Transfer of Learned Knowledge in Lifelong Learning Agents

Joseph O'Sullivan


The cost of gathering and labelling data is remaining constant, while computing power is becoming cheaper. Recognizing this, the notion of a lifelong learning agent has been proposed. A lifelong learning agent is a system that learns knowledge and, when thereafter learning novel tasks, can use this knowledge to increase the accuracy of what is learned or to reduce the number of examples necessary for learning. Many open problems exist: can an agent exploit multiple sources of learned knowledge, to what degree will an agent benefit from different types of learned knowledge, what types of knowledge should be made available, how should the agent adapt as a new task arrives, how might the order of task arrival impact learning, and of course, how should such an agent be built?


A lifelong learning agent offers the promise of learning from substantially fewer examples. Currently, we have shown situations were the number of examples required to learn a task have been halved. Understanding how and where a lifelong agent can be applied would allow systems to be built that efficiently learn novel tasks.

State of the Art:

This problem area is still quite young and fertile, and so there is quite a wide diversity of approaches in the literature. In the majority of previous work on agents, as the agent ages and further new tasks arise, the agent does not improve its ability to learn those tasks. Of the wide variety of underlying mechanisms proposed for creating a lifelong long agent, few have been applied to a complete system, and not enough is understood about how the mechanisms scale as an agent ages. There have been several different types of lifelong learning agents systems proposed - including variants of reinforcement learning and of high level planning systems. Generally, these systems either make abstracting assumptions about the agent input, or are limited in scope.


I propose that an agent can be constructed which learns knowledge and exploits that knowledge to effectively improve further learning by reducing the number of examples required to learn. I am studying the transfer of learned knowledge by supervised life-long learning agents within a neural network based architecture capable of increasing capacity with the number of tasks faced. So far, preliminary work has been carried out in controlled settings, and an appropriate architecture has been outlined. This work has confirmed that learned knowledge can reduce the number of examples required to learn novel tasks and that combining previously separate mechanisms can yield a synergistic improvement on learning ability. It has shown that capacity can be expanded as new tasks arise over time. The underlying mechanisms that are being used for transfer include learning useful representations for a specific domain, and learning domain specific models for use in further learning. Our initial work has explored the benefits of these mechanisms separately, and how to extend these methods to operate concurrently, and as the agent ages.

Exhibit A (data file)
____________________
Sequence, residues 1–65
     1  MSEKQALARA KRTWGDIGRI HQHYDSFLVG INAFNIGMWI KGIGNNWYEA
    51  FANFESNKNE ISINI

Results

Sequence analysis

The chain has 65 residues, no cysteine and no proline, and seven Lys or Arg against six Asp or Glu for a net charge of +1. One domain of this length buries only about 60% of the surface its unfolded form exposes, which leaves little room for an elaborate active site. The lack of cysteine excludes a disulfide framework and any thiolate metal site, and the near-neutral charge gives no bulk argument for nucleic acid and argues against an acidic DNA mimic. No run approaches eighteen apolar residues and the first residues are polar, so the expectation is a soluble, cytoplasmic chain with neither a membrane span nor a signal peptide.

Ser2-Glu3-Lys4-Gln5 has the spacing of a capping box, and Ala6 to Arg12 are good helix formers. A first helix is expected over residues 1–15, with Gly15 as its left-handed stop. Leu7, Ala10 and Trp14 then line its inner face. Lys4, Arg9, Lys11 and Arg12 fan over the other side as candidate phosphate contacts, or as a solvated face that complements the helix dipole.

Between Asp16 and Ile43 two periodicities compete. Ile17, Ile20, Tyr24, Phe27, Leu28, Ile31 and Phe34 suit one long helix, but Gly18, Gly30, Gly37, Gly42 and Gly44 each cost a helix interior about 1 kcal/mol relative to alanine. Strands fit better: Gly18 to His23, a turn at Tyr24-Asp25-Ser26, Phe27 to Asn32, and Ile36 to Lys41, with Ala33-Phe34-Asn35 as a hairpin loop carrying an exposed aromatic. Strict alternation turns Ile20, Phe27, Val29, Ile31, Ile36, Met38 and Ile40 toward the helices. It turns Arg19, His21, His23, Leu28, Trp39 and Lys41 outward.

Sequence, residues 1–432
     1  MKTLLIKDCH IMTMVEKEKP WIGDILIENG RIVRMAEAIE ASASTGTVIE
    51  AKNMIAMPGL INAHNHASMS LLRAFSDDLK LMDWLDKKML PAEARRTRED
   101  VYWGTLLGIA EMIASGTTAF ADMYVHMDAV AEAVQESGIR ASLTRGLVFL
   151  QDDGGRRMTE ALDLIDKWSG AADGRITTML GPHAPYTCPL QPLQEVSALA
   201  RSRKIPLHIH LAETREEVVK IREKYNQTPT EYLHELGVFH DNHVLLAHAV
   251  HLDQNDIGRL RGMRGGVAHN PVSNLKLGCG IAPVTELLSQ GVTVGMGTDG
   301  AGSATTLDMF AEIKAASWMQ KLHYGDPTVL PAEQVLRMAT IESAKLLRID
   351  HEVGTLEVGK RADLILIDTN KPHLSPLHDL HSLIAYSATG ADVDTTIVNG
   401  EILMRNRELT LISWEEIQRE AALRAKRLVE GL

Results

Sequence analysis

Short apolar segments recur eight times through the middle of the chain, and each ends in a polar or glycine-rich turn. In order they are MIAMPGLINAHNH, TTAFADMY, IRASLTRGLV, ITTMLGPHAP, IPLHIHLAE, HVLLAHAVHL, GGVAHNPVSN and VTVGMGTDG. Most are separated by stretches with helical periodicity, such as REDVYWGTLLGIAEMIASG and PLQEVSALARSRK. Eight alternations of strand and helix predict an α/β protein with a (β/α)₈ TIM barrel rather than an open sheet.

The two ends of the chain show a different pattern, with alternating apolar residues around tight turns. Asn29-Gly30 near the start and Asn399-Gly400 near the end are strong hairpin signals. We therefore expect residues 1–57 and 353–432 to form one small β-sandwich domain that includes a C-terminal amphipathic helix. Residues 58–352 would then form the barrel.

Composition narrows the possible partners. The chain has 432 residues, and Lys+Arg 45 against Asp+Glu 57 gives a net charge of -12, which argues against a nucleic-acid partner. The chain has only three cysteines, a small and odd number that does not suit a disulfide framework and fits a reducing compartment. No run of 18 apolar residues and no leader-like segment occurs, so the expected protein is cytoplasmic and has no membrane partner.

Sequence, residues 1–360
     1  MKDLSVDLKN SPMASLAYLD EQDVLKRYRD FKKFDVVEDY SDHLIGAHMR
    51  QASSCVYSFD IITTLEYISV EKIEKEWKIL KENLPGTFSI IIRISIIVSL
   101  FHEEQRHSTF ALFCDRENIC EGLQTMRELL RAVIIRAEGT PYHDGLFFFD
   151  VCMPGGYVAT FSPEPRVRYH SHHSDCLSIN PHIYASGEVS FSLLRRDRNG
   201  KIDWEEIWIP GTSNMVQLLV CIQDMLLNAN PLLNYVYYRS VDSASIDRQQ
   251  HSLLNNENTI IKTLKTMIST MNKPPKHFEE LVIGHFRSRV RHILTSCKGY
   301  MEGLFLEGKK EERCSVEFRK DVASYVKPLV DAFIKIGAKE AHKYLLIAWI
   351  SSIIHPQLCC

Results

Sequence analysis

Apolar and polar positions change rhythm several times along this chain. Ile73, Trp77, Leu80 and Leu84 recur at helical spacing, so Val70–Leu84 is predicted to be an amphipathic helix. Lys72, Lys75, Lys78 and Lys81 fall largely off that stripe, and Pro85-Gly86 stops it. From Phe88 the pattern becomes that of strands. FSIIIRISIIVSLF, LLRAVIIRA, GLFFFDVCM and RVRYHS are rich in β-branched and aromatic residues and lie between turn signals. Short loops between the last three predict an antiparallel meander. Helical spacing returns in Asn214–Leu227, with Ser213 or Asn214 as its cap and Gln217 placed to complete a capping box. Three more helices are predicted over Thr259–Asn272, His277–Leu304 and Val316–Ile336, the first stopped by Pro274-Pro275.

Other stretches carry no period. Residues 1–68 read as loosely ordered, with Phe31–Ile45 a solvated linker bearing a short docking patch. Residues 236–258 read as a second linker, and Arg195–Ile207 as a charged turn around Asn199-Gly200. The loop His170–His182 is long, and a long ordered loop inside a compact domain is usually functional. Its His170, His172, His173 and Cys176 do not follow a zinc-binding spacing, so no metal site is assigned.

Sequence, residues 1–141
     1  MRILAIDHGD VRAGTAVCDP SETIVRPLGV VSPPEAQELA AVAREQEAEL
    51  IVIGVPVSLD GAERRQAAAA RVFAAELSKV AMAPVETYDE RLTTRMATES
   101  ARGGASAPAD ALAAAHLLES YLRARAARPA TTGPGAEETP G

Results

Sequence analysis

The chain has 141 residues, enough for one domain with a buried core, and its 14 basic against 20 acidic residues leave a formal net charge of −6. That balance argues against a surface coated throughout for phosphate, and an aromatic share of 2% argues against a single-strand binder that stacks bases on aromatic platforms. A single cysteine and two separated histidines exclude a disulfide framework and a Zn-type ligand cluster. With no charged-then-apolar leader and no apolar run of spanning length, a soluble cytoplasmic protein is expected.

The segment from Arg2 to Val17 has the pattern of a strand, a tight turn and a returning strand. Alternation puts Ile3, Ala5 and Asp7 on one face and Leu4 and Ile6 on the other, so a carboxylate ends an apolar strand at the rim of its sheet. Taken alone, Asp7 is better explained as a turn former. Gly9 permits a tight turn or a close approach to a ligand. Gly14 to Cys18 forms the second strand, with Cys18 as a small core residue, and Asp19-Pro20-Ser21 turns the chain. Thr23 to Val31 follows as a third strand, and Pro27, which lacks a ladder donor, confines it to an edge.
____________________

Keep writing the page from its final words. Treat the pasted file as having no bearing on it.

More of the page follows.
The hypothesizes are being studied experimentally both in simulated domains, and will be verified on the robot test-bed in the Learning Robot Lab; Xavier which we designed and constructed internally within the laboratory in 1993, and Amelia, a commercial descendent of Xavier.

Future Work:

We are currently building upon the underlying mechanisms to generate a tool-box for building curriculums. That is, given that a lifelong learning agent exists, what is the best things to teach the agent, and the best way to teach them, so that we expect to learn novel tasks efficiently. We speculate that the order in which tasks arise can be exploited with a graded curriculum.

Figure 1: The lifelong learning agent architecture under investigation is being evaluated in a variety of simulated and real world domains. When learning a novel task Tn, a lifelong learning agent can exploit knowledge learned from previous tasks T0..Tn-1.


Rich Caruana and Joseph O'Sullivan.
Backprop nets do unsupervised clustering of outputs.
Submitted to ICANN98, 1998.

Rich Caruana and Joseph O'Sullivan.
Multitask pattern recognition for autonomous robots.
Submitted to IROS98, 1998.

Joseph O'Sullivan.
The CMU Learning Robot Laboratory Data Toolkit.
In Proceedings of MLC-Colt Workshop on Robot Learning, Rutgers University, New Brunswick, N.J, July 1994.

Joseph O'Sullivan.
Transfer of learned knowledge in life-long learning agents.
PhD Thesis Proposal, Carnegie Mellon University, Feb 1997.

Joseph O'Sullivan.
Sequential multitask learning for a lifelong learning agent.
Submitted to ICML98, 1998.

Joseph O'Sullivan, Karen Haigh, and G. D. Armstrong.
Xavier - the Manual v0.3.
Revised April 1997, Carnegie Mellon University, School of Computer Science,, March 1994.

Joseph O'Sullivan, Tom M. Mitchell, and Sebastian B. Thrun.
Explanation Based Learning for Mobile Robot Perception.
In Katsushi Ikeuchi and Manuela Veloso, editors, Symbolic Visual Learning. Oxford University Press, 1996.

Reid Simmons, Richard Goodwin, Karen Haigh, Sven Koenig, and Joseph O'Sullivan.
A modular architecture for office delivery robots.
In The First International Conference on Autonomous Agents, Feb 1997.

Reid G. Simmons, Richard Goodwin, Karen Zita Haigh, Sven Koenig, Joseph O'Sullivan, and Manuela M. Veloso.
Xavier: Experience with a layered robot architecture.
Intelligence, 1998.
A shorter version appears as [8].

Sebastian Thrun and Joseph O'Sullivan.
Clustering learning tasks and the selective cross-task transfer of knowledge.
In S. Thrun and L.Y. Pratt (eds), editors, Learning To Learn, chapter 10. Kluwer Academic Publisher, 1998.
A shorter version appears as [11].

Sebastian B. Thrun and Joseph O'Sullivan.
Discovering Structure in Multiple Learning Tasks: The TC Algorithm.
In Proceedings of ICML, Torino, Italy, July 1996.

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